Disbelieve your own eyes and ears

““Reality exists in the human mind, and nowhere else.”– George Orwell

Imagine my surprise when I was perusing Twitter this weekend and found a tweet that asserted that the attack on the capital was not in fact sedition. Unfortunately, I didn’t have the wherewithal to save that Tweet, but subsequent searches found the article in question.

I would guess that most of you read 1984 at some point during school. It seems George Orwell is a common author that we run across in English classes at some point. I never actually read the book in school. I think I’ve read plenty of Orwellian short stories, so the concept of his kind of dystopia is pretty common and known by most people.

The concept of 1984 has been used by proponents on both sides of the aisle. Perhaps both sides could be right. Perhaps reality is no longer unbiased. Perhaps there are so many biased sources of information that we can hardly believe what we are told about the events of the day. Yet, occasionally we get to witness things first hand. It is particularly incendiary to see someone or some people attempt to tell us that what we saw is not what we saw and what we heard is not what we heard.

Yet, former President Trump attempted to tell us exactly that in his all out war with the mainstream media. He actually said that we can’t believe what we see and hear. When you eliminate the mainstream media then the only thing left is state sponsored media. From there, it is just a quick jump to the world that Orwell created in his novel.

Denial is one way of erasing the past. Most attempt to whitewash it. It isn’t that people didn’t invade the capitol. It is that they did it nonviolently. They had no weapons. The former president told us that they hugged the officers as they came in. They handed them all flowers and chocolates as they came in. If they are guilty of anything it isn’t paying for the tour.

Others resort to whataboutism. What about the protesters in Portland and Minnesota? What about the protesters everywhere else that caused property damage and hurt people. Some of them even had guns. Isn’t that worse than what the people did at the capitol?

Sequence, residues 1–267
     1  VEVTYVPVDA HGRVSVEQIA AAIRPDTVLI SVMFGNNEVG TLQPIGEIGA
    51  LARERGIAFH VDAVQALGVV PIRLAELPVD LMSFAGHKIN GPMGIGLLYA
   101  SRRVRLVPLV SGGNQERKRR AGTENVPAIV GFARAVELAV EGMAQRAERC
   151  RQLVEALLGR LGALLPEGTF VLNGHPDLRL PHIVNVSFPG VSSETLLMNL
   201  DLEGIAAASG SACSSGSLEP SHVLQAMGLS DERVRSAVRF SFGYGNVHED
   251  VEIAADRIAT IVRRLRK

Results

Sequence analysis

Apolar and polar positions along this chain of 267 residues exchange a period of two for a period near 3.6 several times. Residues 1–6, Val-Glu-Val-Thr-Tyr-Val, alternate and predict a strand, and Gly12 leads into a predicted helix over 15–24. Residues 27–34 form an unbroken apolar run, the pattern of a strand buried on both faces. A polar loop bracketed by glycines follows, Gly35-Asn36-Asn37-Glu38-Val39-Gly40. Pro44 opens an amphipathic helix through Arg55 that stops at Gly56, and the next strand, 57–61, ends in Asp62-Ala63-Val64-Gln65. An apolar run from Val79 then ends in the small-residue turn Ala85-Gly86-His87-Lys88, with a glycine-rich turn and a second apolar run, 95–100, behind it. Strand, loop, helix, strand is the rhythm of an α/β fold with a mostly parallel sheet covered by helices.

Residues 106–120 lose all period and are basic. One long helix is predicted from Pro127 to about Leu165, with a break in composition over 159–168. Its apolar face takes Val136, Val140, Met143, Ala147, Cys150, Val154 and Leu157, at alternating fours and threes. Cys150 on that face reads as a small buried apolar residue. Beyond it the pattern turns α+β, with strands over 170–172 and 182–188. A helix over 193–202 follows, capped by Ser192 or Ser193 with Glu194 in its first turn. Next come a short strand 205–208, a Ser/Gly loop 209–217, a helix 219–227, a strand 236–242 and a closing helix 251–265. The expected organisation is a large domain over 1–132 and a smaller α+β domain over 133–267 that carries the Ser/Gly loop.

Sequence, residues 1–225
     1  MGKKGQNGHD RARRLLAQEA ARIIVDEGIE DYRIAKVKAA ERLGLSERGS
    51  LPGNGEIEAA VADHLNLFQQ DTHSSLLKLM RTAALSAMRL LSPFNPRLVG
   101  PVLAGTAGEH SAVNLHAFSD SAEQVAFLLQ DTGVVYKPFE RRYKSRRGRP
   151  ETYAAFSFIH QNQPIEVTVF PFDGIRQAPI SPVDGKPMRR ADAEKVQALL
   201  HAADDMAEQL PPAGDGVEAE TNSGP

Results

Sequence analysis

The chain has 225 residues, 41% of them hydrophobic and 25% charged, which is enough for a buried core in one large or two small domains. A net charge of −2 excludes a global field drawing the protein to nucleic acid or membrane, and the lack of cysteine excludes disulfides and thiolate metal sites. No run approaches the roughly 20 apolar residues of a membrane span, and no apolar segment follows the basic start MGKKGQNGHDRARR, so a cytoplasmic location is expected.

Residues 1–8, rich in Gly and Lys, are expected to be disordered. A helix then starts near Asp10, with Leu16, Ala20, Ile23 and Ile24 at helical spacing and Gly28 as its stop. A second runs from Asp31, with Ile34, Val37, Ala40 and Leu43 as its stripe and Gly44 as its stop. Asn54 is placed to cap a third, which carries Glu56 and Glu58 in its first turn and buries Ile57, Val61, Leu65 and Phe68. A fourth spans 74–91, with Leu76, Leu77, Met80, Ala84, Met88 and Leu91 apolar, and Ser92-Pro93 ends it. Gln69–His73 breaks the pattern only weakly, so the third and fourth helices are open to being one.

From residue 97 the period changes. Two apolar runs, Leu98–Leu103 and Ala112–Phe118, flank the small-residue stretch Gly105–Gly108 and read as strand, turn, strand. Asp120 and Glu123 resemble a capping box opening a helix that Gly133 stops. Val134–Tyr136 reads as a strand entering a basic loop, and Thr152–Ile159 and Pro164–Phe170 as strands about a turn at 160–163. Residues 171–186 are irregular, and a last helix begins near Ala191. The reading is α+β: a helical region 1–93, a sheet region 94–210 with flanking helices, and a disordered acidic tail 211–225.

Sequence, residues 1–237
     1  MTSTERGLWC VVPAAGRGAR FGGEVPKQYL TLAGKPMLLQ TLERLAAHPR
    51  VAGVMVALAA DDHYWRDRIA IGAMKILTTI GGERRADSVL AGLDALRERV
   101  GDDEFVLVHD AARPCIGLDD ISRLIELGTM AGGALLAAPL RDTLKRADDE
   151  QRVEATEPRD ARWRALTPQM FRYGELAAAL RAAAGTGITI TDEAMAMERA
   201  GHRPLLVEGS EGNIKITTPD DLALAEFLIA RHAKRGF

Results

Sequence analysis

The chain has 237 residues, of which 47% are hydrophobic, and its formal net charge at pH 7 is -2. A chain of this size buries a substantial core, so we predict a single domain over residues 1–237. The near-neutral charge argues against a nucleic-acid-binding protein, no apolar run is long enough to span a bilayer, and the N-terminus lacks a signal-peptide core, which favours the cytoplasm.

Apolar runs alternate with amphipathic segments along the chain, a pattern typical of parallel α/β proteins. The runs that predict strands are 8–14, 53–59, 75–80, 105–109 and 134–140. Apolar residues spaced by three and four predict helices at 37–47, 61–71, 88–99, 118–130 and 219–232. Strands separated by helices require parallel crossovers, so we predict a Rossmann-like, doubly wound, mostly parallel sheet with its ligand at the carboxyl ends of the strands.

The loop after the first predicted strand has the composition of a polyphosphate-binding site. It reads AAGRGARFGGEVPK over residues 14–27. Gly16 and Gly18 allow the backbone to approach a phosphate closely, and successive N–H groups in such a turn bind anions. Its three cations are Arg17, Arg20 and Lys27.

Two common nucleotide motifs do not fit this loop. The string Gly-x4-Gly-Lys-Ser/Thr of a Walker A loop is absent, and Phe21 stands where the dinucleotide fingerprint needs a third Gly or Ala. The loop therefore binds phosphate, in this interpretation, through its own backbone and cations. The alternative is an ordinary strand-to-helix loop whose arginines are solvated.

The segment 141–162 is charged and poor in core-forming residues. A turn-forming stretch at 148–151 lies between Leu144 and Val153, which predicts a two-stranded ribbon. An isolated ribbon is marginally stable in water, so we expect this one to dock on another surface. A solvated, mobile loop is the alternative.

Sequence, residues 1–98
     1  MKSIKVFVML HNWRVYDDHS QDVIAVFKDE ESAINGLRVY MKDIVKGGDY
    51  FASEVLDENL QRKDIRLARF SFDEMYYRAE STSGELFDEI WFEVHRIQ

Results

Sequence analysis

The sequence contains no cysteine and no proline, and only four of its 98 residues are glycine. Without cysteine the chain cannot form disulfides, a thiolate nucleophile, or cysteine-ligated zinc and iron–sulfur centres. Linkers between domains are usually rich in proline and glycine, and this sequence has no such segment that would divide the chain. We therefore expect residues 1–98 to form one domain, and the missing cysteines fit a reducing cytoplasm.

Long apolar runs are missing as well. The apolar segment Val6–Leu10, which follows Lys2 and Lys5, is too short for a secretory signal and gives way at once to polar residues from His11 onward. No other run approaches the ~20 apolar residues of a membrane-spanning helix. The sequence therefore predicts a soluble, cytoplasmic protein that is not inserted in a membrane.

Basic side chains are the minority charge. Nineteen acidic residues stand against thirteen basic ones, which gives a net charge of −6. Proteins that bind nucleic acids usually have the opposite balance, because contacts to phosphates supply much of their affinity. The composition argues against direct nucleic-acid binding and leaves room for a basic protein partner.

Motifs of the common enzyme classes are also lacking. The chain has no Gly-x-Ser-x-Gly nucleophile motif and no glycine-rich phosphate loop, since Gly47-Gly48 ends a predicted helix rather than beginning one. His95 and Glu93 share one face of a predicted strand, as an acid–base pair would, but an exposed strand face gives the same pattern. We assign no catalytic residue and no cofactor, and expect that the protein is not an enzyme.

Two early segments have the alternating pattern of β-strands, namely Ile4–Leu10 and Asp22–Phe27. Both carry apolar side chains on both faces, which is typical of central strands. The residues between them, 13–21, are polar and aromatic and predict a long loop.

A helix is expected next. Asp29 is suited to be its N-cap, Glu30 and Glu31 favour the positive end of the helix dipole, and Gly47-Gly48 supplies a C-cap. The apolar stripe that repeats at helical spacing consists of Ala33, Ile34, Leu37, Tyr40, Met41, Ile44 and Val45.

Finally we get the conspiracy theorists. Sure, people invaded the capitol and sure they committed insurrection and sedition, but they weren’t the good, honest conservatives that came there to protest. Those were liberal agitators from Antifa and BLM that were trying to get conservatives in trouble.

Add it all up and it’s just pathetic deflection. First of all, we watched the attack. We know the numbers of officers that were either hurt or killed. The irony of the what about argument is that they show their hand on the last argument. Remember, conservatives always accuse you of what they are in fact doing. Certainly not all of the bad actors at protests out of Washington are in fact conservative agitators, but many of them were.

Yet, that doesn’t matter. Let’s say all of them were Antifa and BLM. It is difficult to separate in your mind what was behind the violence and who the violence was against. One group were protesting an election they lost. Others were protesting continual mistreatment by the police. One group attempted to overthrow a government in the midst of a constitutional event. The other group had members get violent in protest and may have damaged private property or injured innocent bystanders.

Let’s put together the conspiracy theory and dust for prints. So, people who are anti-fascists were attempting to interfere with the constitutional process of an election they won. Meanwhile, the president at the time clearly enjoyed what he was seeing and didn’t act to stop it. Had it been a left-wing conspiracy wouldn’t the president immediately have sent troops? Wouldn’t he have come out and said, that he didn’t want this? Instead, his video response appeared to be a sorry not sorry response.

The point is that when we don’t want something to be true we will try anything to convince ourselves that it isn’t true. Maybe we deny it happened in the first place. Maybe we rearrange our memories to change what what happened. Maybe we change the subject and try to get people to focus on something else that happened. Maybe we just change who did it. This is your shame. It’s right here and you can’t run from it anymore no matter how hard you try.

Author: sbarzilla

I have written three books about baseball including The Hall of Fame Index. I also write for thefantatasyfix.com. You can follow me on twitter @sbarzilla.

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